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  • This physical stratification is the primary requisite for the development of algal blooms in the Tidal Lagan, as nutrients are rarely limiting.

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  • There are no manufactures carried on, nor any trade of importance, except what is requisite for the supply of the neighborhood.

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  • It has been remarked that in the text there was no word about the requisite intent or requisite knowledge of the committer.

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  • For each of these job descriptions, the HCM system can be used to attribute requisite competencies and experience requirements.

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  • Students wishing to take such units must be able to demonstrate that they have the requisite linguistic competence.

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  • Joe Joe Mc - March 31, 2006 09:33 AM Stress & Pressure is becoming present day job requisite qualification / skill.

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  • Failure to provide the requisite documentation may result in the application being refused.

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  • How can we get the requisite skills for less money?

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  • It was old Karl Marx that wrote: ' The first requisite for the people 's happiness is the abolition of religion '.

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  • Nickell notes the fact that few scientists with the requisite skills have examined the cloth (generally, those who did became skeptics).

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  • Some good goat stew with rice along with the requisite Nile Specials for lunch at the small outdoor park restaurant.

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  • No longer are wedding cake tops the requisite plastic statues of a smiling bride and groom.

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  • In addition to requisite tropical colors like blue, green, yellow and beige, other beachy elements include prints like seashells, boats, fish, and mermaids.

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  • The college offers several clubs and organizations, from sororities and fraternities to the requisite Computer Club.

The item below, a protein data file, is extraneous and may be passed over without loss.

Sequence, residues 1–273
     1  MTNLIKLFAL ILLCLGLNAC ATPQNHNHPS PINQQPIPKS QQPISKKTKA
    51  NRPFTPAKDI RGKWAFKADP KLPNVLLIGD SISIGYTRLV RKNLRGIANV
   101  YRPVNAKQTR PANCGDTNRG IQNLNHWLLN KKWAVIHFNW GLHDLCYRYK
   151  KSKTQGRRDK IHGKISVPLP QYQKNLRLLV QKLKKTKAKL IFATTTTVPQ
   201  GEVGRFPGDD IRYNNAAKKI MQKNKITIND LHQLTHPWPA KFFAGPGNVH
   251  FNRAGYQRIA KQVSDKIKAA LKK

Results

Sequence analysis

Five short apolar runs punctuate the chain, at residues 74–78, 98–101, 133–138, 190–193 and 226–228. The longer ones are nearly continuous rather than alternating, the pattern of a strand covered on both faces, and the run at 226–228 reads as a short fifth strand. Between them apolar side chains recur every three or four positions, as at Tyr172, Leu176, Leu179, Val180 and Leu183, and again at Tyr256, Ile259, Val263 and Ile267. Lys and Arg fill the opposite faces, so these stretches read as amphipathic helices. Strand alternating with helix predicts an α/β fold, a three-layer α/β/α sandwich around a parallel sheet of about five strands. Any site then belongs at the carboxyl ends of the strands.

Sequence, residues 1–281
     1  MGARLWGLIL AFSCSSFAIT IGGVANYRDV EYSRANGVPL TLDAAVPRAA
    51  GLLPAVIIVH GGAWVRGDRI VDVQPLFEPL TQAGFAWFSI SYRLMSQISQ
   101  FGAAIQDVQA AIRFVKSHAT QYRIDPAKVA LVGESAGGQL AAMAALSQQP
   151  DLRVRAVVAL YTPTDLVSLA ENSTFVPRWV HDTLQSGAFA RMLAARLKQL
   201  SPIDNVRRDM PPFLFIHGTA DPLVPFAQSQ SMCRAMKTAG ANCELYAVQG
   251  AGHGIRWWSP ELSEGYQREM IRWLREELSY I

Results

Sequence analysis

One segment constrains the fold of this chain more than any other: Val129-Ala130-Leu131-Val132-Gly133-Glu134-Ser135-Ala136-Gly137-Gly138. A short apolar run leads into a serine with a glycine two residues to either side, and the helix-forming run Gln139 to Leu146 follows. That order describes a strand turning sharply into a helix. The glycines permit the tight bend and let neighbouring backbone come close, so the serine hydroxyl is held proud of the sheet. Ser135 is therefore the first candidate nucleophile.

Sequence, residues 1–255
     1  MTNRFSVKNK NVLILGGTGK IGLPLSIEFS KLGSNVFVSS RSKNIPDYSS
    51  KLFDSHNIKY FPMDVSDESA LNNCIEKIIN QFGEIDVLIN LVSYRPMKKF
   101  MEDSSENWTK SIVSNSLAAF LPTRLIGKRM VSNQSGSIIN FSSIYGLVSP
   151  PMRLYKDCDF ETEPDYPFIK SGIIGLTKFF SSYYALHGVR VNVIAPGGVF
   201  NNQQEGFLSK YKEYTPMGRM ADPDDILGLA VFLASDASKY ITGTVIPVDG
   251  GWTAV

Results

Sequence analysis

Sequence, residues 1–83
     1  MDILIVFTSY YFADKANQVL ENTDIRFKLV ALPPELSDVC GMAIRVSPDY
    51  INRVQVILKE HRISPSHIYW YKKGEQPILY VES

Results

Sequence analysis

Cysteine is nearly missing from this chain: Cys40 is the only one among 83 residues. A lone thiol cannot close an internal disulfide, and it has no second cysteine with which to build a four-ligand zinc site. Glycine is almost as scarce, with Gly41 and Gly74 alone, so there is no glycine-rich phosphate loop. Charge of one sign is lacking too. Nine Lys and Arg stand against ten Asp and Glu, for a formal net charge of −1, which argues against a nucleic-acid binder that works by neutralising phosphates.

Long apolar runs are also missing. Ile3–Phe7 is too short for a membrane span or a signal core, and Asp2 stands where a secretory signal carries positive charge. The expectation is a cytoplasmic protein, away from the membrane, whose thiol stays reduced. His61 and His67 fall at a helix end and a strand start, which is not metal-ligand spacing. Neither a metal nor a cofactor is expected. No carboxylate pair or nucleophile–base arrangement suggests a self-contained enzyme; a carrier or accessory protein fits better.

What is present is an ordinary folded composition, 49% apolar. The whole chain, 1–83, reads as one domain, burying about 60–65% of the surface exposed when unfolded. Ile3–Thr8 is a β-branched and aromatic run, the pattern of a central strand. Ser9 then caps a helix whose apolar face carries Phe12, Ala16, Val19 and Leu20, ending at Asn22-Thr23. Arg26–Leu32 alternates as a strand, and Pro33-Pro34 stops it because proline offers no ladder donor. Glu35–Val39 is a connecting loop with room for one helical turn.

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  • Aside from the requisite basketball and soccer teams, Ashford is also home to volleyball (women's only) and golf (for both men and women), making the university attractive both from an academic, as well as an athletic, perspective.

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  • Speaking of blazers, they're requisite office attire - and they can make just about anything look polished.

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  • There is a lot of bad advice out there when it comes to using diet and exercise to maintain the requisite figure, and you want to work with people you can trust.

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  • She also sported the requisite bunny ears and long, red nails.

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  • You turn your coffee maker on, and wait the requisite amount of time-five minutes or even ten minutes- until the pot is full.

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  • No KISS costume would be complete without the requisite makeup.

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  • A variety of requisite pockets make life just a little easier for you.

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  • A parent may be recruited to help make a volcano (with requisite lava) or putting the solar system together.

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  • In fact, when any movie sequels are made, it becomes a requisite for the film.

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  • The PromGirl Danielle heels feature the requisite clear upper, but they're updated with a silver toe and a delicate line of demure crystals around the rim of the opening.

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  • A paper filter is placed in the basket with the requisite amount of coffee in proportion to the water.

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  • Mental Illness: As long as the condition is sufficiently medicated and the sufferer brings enough of the requisite medicine on the trip, the risk profile is low.

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  • Cue leaks to the press about her label refusing to release the album, cancelled summer tours, dramatic changes in management - all the requisite music biz scandal ingredients.

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  • A bed of the requisite length (sometimes too yds.) is then prepared of about 2 ft.